- Mr. Ed
- I'm 65 years old and have lived in the Akron-Tallmadge, Ohio area all of my life. For 10-years (1957-1967) I lived most summers at our home in Cook Forest, Pa. I'm a U.S. Army veteran (1971-1973). I collect many things such as: antique cars, antique firearms, movies, movie props, old newspapers and posters, Wyatt Earp items, Civil War items, John Wayne items, items from the old west including Native American items, just about anything historical. I've been married for 42-years. My wife and I have a son and a daughter and four granddaughters.
Click Link for my Blog List
My 1950 Packard Series 2300 Sedan ~
I had always wanted a 1950 Packard sedan because my father had a new one when I was born. I answered an add in the local paper about a '50 Packard that was for sale in Wadsworth, Ohio. I lived in Akron at the time and Wadsworth was only about 15-miles away. The add said that it had been stored many years and restoration had been started. The man wanted $500.00 for it. I drove right over there. The car was very dirty. It was in his garage sitting on jack-stands with no wheels and the hood was off. But I figured it had a lot of potential so I bought it.
A week later, I hired a car hauling company to get the car and truck it home for me. There was a lot of extra parts and it took another two trips in a van to get them all. The car had been stored in a barn in Shelby for 26-years. The man I bought it from had it only about two years. Once we arrived to pick it up, he had it all washed and cleaned up. The tires and hood were back on.
The car was in really good, solid condition. But storage had taken it's toll. All rubber parts had rotted and the brakelines were shot. Also, there was no exhaust system at all. It was gone. The car had not seen blacktop in 26-years and had not been driven, or even started in all that time.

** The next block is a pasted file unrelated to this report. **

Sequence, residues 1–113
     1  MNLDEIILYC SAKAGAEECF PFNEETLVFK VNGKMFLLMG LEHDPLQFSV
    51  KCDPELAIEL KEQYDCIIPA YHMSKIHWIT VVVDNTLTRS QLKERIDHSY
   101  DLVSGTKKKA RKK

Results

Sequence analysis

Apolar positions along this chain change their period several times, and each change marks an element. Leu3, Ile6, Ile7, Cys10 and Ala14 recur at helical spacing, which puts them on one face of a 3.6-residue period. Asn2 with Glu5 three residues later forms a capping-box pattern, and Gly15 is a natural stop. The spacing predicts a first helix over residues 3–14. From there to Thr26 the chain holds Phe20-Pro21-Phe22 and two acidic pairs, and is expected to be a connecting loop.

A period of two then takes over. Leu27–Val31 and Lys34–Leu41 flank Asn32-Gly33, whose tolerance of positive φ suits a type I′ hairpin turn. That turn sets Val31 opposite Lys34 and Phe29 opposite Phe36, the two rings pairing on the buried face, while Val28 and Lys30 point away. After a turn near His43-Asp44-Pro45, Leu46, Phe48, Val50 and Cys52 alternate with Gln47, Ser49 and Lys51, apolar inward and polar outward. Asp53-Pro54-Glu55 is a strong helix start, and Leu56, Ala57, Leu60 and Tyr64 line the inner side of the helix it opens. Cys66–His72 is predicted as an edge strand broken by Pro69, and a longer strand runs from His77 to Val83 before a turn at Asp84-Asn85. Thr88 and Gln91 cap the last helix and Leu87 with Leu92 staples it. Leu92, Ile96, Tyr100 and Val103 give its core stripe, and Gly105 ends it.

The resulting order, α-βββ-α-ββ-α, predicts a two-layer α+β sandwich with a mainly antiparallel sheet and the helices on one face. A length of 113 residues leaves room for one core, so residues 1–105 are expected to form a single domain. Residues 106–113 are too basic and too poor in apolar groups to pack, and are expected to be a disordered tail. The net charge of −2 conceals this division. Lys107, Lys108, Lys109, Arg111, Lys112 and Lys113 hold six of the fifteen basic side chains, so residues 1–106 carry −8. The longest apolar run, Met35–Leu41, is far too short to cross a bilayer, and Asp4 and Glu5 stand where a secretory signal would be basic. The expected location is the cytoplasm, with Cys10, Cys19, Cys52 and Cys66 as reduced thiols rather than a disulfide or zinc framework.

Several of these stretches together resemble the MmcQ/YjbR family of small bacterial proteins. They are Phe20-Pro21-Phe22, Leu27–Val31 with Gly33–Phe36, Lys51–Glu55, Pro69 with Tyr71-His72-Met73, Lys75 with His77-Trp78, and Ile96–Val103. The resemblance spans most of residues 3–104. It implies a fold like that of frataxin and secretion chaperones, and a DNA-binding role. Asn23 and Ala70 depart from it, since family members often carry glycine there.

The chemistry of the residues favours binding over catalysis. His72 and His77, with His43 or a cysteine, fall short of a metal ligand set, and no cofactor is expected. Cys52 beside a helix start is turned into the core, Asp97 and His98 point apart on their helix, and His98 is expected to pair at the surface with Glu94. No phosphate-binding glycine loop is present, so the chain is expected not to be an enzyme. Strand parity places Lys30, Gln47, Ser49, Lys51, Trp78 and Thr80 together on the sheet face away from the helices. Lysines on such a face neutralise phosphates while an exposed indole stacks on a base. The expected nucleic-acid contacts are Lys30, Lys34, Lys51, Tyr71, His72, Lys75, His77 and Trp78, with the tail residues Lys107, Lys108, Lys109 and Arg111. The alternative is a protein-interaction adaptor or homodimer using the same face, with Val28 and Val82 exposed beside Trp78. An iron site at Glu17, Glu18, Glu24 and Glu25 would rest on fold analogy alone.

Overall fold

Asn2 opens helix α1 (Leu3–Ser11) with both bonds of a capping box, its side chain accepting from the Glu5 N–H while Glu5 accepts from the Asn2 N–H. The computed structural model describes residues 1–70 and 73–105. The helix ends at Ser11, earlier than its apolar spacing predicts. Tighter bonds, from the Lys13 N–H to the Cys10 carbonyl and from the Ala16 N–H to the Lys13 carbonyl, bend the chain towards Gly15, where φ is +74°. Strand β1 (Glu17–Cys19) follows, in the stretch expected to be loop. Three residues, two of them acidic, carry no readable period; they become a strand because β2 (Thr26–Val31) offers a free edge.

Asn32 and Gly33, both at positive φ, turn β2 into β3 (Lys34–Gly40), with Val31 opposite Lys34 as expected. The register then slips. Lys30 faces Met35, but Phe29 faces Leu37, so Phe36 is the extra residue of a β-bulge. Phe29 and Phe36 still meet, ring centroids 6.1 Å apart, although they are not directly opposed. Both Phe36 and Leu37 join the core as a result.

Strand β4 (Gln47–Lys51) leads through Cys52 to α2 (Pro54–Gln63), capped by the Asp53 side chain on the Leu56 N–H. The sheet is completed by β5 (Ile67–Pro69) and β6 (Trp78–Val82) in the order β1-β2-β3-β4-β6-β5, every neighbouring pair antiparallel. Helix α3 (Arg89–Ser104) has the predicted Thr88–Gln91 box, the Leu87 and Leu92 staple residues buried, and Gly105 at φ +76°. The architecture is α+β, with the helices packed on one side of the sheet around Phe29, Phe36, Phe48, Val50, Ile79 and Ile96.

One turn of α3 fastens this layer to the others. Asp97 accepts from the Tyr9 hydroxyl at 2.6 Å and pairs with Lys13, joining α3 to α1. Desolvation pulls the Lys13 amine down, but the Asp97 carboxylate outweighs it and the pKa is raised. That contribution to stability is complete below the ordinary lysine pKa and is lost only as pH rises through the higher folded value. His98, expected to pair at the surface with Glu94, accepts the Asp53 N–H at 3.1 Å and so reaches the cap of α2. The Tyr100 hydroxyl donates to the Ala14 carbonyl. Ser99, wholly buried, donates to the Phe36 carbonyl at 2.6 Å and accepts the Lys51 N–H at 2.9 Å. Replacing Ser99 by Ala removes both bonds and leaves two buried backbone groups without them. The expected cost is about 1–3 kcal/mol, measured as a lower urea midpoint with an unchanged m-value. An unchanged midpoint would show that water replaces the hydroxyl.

Once home, I bought a new 6-volt battery. On New Years day, 1992, a friend, Charlie and I began the long process of getting the Packard started. I had bought two 5-gal. cans of gas. One went into the gas tank, the other was for priming. Charlie would prime the carborator and I would turn the key. The engine turned but wouldn't fire. After 46-minutes, the car started and sat there running. I was surprised the battery held up so well.
At first, white smoke filled the entire neighborhood. But after about 30-seconds to a minute, the smoke went away and the car sat there running smoothly. I was very pleased. It was loud because of no muffler. In the weeks after, I worked putting a muffler and pipes on the car. I found a repair shop that wanted to restore it for me. They did the brake work and tune-up and rebuilt the carborator, (it seems that, at some point in it's storage years, posums had used the carborator for a toilet. Possum crap was about three inches thick. How it ever started in my driveway, I don't know!).
Once these guys were done with the car at that point, it was driveable. I drove it home. The wife and I began using the Packard to go to the grocery store once a week and I drove it around town every once in awhile. The shop that did the work on it went out of business and I was stuck. The body and interior still needed restored. Plus the chrome and frame needed to be done. I found a guy who had a shop in Mogadore, Ohio who specialized in Packard and Studebaker. I took the car to him and he quoted me $23,000.00 to completely restore it. And said it would take 8-months to a year. The '50 Packard, fully restored was only worth $18,000.00. Didn't seem like a good Idea at the time.
I decided to sell the car and sold it to a local man for $700.00. He sold it to a 19-year old guy. When I heard that I felt bad thinking the car would become a streetrod. But I was happy to find out from a friend who saw my old Packard at a cruise-in two years later, that the young fellow still has it and is restoring it as original. He has it running great.
I wish him a lot of luck with the car. Some day, I'll buy another '50 Packard. But this time, the work will be already done.